As we gear up for the 2013 Australian Open women’s final in a few hours, I thought it would be fun to do a quick look back at what the tennis world looked like 10 years ago. Here’s a hint: it was heavy on the Williams.
That’s right, this (actually today, the 25th) is the 10th anniversary of the Serena Slam! At the 2003 Australian Open, Serena overcame an epic battle with Kim Clijsters in the semis and then survived an error-filled thriller against her sister in the final to take the title 7-6 (4), 3-6, 6-4. It was her fourth STRAIGHT major championship, and fifth overall — putting her one ahead of her sister Venus.
It was kind of a big deal.
I didn’t watch the Australian Open back then, but I definitely remember hearing about this on all the sports talk programs that I was glued to in January thanks to football. According to the AP report from the match, it sounds like it was a blast:
Throughout the 2-hour, 22-minute match, Serena showed how intent she was on winning. Even so, Venus tested her more than in their previous three matches, which Serena won in straight sets.
After losing her serve for 4-5, Serena threw her racket.
In the first-set tiebreaker, she took a ball she thought was out and hit a forehand past Venus, who had stopped playing.
Then she turned on the line judge and shouted, “You just don’t call them out, do you?”
After failing to cash in five break points in the final set’s eighth game, Serena gave her sister a game point with a netted forehand and slammed down her racket.
Serena had 54 errors to Venus’ 51, but beat her 37-28 on winners.
Serving while trailing 4-3 in the final set, Venus really showed mettle, fighting off five break points that would have allowed Serena to serve for the match — the last with a 120 mph service winner.
Serena held serve to go up 5-4, finishing with an ace and a backhand winner. And then she broke Venus’ serve to win, with plenty of help.
The match’s final four points went like this: Venus’ backhand error, Venus’ backhand error, Venus’ double fault, Venus’ forehand error.
“This one has been a really tough one for me,” Serena said, noting that she came close to losing against Emilie Loit in the first round and Kim Clijsters in the semifinals.
“The past two slams I don’t think I dropped a set but this tourney has been a little more difficult. Venus played unbelievable and then Kim and Emilie,” she added.
“I’m really happy I was able to come through.”
So what were our 2013 Australian Open finalists doing as Serena was ruling the world? Well, they weren’t playing on the WTA, that’s for sure.
In 2003, a 20-year-old Li Na was in the middle of A two-year break from tennis. The prior year, ranked 200, she took an extended absence, reportedly because of conflicts with the Chinese federation. During this, she spent time with her future husband and studied part-time at University. (Fun fact: she completed her degree in journalism in 2009 — no wonder she’s so media savvy!)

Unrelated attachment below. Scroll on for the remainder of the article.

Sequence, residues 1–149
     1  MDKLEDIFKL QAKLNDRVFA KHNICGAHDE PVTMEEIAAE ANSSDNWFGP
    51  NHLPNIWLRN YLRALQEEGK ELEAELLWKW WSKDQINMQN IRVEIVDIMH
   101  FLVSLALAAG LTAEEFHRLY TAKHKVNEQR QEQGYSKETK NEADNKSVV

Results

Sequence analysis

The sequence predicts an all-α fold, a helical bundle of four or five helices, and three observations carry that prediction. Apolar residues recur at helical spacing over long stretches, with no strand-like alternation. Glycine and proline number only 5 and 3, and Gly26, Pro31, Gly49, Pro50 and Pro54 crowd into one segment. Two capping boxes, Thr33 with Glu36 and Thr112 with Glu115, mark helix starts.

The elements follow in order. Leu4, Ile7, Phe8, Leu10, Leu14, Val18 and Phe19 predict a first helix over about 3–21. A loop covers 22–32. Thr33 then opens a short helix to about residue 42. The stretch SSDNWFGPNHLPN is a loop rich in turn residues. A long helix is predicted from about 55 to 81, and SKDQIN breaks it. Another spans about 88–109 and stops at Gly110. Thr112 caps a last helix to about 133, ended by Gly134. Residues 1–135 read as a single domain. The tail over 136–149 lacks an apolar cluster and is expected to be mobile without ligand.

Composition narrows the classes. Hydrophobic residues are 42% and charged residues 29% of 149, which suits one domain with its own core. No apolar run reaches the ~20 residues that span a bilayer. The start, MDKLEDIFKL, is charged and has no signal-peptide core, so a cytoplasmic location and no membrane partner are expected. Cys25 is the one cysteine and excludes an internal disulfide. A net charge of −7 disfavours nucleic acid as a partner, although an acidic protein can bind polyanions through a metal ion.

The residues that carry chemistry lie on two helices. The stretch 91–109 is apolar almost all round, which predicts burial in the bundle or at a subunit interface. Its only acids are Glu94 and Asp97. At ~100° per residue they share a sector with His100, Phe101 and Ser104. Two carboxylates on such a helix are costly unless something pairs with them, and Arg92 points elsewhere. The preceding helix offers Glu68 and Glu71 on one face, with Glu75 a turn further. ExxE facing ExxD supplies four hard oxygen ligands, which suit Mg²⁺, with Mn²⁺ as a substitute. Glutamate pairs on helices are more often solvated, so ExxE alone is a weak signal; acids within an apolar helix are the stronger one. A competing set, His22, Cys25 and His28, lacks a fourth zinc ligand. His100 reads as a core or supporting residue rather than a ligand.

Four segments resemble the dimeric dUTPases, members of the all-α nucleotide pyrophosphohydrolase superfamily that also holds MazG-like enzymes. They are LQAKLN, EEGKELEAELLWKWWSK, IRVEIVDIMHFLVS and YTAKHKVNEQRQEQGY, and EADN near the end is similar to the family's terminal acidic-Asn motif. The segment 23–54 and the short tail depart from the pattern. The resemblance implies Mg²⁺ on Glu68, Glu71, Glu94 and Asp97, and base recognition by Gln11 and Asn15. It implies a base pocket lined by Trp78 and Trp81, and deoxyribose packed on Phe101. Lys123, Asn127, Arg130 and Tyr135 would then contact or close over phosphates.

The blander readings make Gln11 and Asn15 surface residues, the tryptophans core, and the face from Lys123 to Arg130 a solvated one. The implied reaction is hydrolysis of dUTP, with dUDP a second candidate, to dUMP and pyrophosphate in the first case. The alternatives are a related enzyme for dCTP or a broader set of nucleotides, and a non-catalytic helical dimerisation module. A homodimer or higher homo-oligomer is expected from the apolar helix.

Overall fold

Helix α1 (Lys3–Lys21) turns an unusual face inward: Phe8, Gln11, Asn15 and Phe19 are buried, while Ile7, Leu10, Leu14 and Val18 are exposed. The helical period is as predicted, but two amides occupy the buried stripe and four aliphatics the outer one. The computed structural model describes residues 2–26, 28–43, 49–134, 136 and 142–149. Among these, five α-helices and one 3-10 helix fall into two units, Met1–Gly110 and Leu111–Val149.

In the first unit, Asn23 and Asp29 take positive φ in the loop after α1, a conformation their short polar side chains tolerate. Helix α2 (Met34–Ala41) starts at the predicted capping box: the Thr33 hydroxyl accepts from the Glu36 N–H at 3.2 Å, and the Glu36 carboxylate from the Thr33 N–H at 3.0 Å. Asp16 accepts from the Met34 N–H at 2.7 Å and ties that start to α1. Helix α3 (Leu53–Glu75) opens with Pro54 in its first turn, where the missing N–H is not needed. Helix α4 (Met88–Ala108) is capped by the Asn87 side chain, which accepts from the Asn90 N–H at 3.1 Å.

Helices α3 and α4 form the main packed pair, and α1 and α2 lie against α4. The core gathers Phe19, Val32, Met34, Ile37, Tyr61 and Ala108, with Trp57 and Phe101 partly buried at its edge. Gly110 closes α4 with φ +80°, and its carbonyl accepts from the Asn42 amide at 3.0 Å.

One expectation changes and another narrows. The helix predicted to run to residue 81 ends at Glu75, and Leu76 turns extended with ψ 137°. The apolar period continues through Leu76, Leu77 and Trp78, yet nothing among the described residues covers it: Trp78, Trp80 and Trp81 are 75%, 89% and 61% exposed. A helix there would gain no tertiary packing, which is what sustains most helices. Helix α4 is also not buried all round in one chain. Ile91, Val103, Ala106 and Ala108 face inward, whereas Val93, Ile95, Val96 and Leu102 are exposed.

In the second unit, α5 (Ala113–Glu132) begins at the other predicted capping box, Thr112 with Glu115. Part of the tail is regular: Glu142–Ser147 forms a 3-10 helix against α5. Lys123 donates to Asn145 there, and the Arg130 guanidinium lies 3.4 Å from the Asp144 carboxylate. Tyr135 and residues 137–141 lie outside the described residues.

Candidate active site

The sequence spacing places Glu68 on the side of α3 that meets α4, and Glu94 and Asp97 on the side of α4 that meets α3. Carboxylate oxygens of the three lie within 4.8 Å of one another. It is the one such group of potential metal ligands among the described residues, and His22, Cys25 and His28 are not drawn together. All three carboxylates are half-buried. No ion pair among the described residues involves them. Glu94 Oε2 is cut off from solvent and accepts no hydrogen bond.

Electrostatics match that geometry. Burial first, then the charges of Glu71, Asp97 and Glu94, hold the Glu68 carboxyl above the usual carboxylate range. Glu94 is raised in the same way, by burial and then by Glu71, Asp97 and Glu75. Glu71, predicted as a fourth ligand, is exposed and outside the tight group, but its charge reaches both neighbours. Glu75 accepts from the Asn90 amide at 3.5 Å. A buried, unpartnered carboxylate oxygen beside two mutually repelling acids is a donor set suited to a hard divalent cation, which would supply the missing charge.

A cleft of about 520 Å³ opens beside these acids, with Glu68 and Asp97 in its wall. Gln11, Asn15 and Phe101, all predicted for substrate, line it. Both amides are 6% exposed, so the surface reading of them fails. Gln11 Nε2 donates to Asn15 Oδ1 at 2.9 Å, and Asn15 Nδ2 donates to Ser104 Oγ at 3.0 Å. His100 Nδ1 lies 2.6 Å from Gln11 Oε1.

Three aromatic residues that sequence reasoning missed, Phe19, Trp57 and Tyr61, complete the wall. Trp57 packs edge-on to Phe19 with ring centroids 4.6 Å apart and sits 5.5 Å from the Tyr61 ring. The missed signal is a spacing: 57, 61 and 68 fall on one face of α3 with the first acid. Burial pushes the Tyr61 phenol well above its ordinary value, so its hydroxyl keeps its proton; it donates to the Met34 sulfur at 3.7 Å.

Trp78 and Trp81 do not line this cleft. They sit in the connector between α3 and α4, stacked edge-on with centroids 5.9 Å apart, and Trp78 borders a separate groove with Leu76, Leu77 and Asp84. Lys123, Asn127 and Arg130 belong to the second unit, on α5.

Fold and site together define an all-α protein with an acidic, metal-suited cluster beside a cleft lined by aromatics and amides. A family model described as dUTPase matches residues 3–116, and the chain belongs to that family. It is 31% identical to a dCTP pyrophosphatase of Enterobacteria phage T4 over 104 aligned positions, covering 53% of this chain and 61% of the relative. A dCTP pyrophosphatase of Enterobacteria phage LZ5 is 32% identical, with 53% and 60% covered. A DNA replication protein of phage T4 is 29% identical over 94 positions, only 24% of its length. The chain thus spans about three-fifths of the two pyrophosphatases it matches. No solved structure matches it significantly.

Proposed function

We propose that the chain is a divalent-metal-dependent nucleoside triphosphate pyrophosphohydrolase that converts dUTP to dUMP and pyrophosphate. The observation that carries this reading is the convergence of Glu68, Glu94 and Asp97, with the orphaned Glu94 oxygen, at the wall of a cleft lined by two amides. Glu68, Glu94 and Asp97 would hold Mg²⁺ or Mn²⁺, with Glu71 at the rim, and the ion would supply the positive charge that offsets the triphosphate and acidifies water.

Azarenka, meanwhile, was only 13 years old. She was still in Belarus at the time. Later that year she played singles and doubles on the Juniors circuit. In 2003 she had Juniors wins over Kristen Flipkens and Ana Ivanovic!
Where was I when the Serena Slam happened? Thanks for asking. As I mentioned above I was not a hardcore tennis fan at the time (at least not enough to pull overnights for Australia), but I do remember the news coverage of it being insane. I also remember the Tiger Slam vs. Serena Slam comparisons. At the time I was a junior in high school in Greensboro, North Carolina. I was starring in plays, breaking my curfew, and never cleaning my room. (You can guess which one of those is still true today.)
What about you guys? What do you remember about the Serena Slam? Where were you when it happened? Please share in the comments.
That’s so fun to relive. I was living in South Korea at the time and did not get to watch much tennis – boy would streams have been handy back then!
I loved Serena in Puma – she looked fantastic. And its interesting to see Serena shake the umpire’s hand after Venus. So rare to see her not first.
I had moved to the Cayman Islands and I did not have ESPN or indeed many sports channels then. I basically had to read about it. I think at that time I was still caught up in The Young and The Restless and Days of our Lives (yes I was a big day time soap opera fan back then), plus I was reading any and everything I could get my hands on. I was also partying hard, drinking, going clubbing, who had time for serious tennis watching.
Which is really strange because before then when I was in Jamaica, I did watch a lot of sports. Maybe because in Jamaica there were more opportunities to watch ESPN and tennis on tv than there was in Cayman. How things have changed indeed.
At this time, I’m in high school and I thought Serena and Andre are an item. The newspapers had their names all over the place.
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